Lenovo may set up its own chip unit
Chinese vendor aims to expand in smartphones, with an NEC acquisition and homegrown processors among the options
Published: 3 April, 2013
Lenovo may be a PC giant, but like most of its PC rivals, it has made little impact on the mobile world - until recently, when it leapt into the smartphone top two in its native China and started talking up grand plans for international sales. These may include designing its own mobile chips, and acquiring NEC's handset unit, according to this week's reports.
Lenovo plans to expand its current small team of chip designers from about 10 to over 100 engineers, says EETimes, in order to focus on differentiating its smartphones and tablets, Apple-style, with its own processors.
A "China-based industry source with direct knowledge of Lenovo's recruitment of chip designers" told EETimes that Lenovo aimed to recruit 40 engineers in Shenzhen and 60 in Beijing, to form the hub of a full silicon division, similar to the HiSilicon unit run by Huawei.
Lenovo has used a mixture of chips in its smartphones, including the MediaTek MT6573 in its A60 model land Samsung's quad-core Exynos 4 in its LePhone K860. It then hit the headlines by becoming one of the early adopters of Intel's Atom smartphone chips - the single-core Medfield appeared in the K800 smartphone, and the new dual-core Z2580 is in the K900. Insiders say Lenovo has wanted greater processor independence, however, since Samsung refused to supply its newest Exynos model, perhaps to keep a lead for its own handset unit. Lenovo is challenging Samsung Mobile's number one position in the Chinese smartphone market - last year the Korean giant had 17.7% share and Lenovo had 13.2%, ahead of Apple on 11%.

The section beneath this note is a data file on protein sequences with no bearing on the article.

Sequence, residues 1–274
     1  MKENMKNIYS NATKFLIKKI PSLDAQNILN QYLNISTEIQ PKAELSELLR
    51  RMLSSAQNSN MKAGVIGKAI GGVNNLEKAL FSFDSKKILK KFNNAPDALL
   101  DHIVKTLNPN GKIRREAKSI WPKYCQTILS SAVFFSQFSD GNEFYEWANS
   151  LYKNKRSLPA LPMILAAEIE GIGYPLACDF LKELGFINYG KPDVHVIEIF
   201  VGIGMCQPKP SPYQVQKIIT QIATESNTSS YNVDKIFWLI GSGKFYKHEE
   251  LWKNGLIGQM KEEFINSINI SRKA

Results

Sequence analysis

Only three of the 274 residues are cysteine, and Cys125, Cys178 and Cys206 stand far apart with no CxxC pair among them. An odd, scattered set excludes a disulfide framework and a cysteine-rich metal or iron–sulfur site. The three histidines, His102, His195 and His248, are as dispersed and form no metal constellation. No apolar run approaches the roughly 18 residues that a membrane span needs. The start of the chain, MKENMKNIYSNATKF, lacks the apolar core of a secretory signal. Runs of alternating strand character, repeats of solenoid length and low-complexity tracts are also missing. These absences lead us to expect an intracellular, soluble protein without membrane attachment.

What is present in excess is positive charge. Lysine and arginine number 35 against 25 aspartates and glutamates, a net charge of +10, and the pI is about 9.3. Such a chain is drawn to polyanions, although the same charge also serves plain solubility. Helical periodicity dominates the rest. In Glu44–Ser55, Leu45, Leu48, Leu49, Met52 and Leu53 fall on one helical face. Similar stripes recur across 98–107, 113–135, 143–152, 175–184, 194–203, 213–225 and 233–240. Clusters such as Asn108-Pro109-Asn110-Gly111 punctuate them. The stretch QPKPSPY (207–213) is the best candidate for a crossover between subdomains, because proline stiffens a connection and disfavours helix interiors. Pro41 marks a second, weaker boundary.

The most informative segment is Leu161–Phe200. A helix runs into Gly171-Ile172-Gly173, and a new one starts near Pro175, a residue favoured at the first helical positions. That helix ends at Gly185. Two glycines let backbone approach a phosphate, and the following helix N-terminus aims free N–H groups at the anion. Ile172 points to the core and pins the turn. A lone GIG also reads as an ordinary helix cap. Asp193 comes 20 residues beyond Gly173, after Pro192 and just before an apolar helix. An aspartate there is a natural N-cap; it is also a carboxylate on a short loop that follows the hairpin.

A team of 100 will not make Lenovo self-reliant in silicon but it could help it to create designs on which it can cooperate with more malleable partners than Samsung.
The Chinese vendor is also in the frame to buy NEC's troubled cellphone unit, According to Reuters, the Japanese company is in talks with various possible buyers, most of them Japanese, but Lenovo is considered the frontrunner by many. CEO Yang Yuanqing has made it clear the company would welcome acquisitions to expand its mobile reach and said recently that he would be open to making a bid for BlackBerry.
NEC's handset business has made losses for two years and has failed to make much impact outside its homeland, while traditional ties with NTT Docomo and other local carriers have weakened as Japanese consumers have embraced iPhones and Galaxies. NEC said in a statement it was "considering a number of ways to bolster the competitiveness of our mobile phone business, but nothing has been decided".